Juliet Jacques at The New Statesman:
Too little has been written about Brightonian novelist Ann Quin since her death in August 1973. Most of what has been has highlighted the striking opening sentence of her first novel, Berg, originally published by John Calder in 1964 and later reissued by Dalkey Archive Press:
‘A man called Berg, who changed his name to Greb, came to a seaside town intending to kill his father …’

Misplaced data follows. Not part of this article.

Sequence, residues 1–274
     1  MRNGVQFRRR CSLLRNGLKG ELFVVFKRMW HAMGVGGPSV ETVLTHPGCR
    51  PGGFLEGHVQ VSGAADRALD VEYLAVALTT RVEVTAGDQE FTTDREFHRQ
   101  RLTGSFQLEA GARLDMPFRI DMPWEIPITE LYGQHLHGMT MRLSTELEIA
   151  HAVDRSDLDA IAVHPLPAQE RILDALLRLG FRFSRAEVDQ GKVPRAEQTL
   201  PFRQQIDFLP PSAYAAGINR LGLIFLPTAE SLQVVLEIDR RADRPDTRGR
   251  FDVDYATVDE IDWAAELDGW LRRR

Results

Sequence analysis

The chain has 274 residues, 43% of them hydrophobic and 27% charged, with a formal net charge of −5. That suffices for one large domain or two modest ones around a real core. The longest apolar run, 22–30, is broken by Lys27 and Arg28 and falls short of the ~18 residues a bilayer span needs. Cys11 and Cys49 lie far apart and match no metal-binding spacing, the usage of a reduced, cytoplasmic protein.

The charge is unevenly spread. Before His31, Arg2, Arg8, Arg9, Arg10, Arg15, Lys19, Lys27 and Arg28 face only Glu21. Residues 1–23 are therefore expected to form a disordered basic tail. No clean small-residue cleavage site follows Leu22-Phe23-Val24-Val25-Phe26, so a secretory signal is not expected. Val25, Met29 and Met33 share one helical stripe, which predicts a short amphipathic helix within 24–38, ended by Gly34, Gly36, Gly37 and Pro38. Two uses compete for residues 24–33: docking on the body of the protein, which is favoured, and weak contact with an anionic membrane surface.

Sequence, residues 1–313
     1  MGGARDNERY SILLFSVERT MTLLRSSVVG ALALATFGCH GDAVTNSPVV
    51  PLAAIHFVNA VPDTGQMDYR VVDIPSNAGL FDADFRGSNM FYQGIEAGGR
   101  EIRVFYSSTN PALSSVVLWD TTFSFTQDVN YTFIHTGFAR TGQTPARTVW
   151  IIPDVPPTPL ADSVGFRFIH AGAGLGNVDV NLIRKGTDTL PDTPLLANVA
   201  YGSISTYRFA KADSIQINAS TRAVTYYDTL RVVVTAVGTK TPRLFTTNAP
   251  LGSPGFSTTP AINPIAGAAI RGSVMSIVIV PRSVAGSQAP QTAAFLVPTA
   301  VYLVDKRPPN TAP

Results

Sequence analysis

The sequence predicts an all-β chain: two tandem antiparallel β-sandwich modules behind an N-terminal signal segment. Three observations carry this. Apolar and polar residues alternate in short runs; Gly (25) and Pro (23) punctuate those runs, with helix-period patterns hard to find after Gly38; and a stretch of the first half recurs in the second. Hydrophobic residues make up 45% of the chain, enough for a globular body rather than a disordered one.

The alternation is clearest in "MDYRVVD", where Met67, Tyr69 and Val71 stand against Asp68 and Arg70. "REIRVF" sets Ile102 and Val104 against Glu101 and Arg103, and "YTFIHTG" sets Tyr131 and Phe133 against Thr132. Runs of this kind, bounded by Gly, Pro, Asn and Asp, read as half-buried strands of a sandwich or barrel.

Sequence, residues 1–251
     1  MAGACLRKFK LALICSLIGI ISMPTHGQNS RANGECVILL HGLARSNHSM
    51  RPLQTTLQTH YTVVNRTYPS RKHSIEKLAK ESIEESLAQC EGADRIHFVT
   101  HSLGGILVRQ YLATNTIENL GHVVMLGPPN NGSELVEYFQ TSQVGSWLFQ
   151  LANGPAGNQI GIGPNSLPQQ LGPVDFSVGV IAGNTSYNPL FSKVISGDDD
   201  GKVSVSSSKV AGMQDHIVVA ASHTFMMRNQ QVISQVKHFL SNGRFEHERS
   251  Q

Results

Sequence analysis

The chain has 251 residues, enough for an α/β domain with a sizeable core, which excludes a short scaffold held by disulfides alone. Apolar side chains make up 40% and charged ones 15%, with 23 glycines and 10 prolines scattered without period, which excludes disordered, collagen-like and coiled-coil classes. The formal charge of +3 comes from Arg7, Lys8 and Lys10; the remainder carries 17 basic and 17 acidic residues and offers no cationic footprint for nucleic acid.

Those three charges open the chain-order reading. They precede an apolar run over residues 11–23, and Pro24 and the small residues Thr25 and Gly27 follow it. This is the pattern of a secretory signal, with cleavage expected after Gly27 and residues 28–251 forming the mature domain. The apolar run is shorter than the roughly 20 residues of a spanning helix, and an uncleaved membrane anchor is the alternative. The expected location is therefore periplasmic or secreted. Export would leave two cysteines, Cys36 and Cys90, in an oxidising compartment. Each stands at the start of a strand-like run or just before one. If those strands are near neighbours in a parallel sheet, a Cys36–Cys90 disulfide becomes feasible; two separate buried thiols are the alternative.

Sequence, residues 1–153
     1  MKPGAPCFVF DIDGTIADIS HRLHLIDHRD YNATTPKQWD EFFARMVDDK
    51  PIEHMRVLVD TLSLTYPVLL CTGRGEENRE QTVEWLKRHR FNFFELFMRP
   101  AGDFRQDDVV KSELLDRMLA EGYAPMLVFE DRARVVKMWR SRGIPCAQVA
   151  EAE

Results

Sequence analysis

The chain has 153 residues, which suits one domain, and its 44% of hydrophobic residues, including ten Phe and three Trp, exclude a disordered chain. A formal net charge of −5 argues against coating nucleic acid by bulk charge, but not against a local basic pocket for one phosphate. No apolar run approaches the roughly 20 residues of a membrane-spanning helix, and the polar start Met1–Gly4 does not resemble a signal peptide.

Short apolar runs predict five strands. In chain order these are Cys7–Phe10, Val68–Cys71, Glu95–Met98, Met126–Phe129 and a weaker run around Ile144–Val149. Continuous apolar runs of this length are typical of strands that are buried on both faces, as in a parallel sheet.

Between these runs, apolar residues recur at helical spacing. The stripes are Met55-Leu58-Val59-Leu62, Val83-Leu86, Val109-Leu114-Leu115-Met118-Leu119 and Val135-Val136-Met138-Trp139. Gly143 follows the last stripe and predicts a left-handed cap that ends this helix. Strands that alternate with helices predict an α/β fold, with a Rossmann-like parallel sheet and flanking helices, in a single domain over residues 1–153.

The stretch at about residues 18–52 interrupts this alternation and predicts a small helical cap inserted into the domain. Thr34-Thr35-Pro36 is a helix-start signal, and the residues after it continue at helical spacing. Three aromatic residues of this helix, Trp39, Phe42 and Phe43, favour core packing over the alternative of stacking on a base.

Robert Buckeye’s Re: Quin, also published by Dalkey and described as an “unabashedly personal and partisan critical biography” of “one of the best and most neglected” British “experimental” writers of the 1960s, breaks with convention by opening with a quote from contemporary author-artistStewart Home about “The body of a dead princess” serving “as a metaphor for literature”. Buckeye then moves onto a Malcolm X speech from 1964, using it to illustrate his point that radical times need radical culture, before placing Quin into a post-war avant-garde with William S. Burroughs, Alexander Trocchi, B. S. Johnson and others.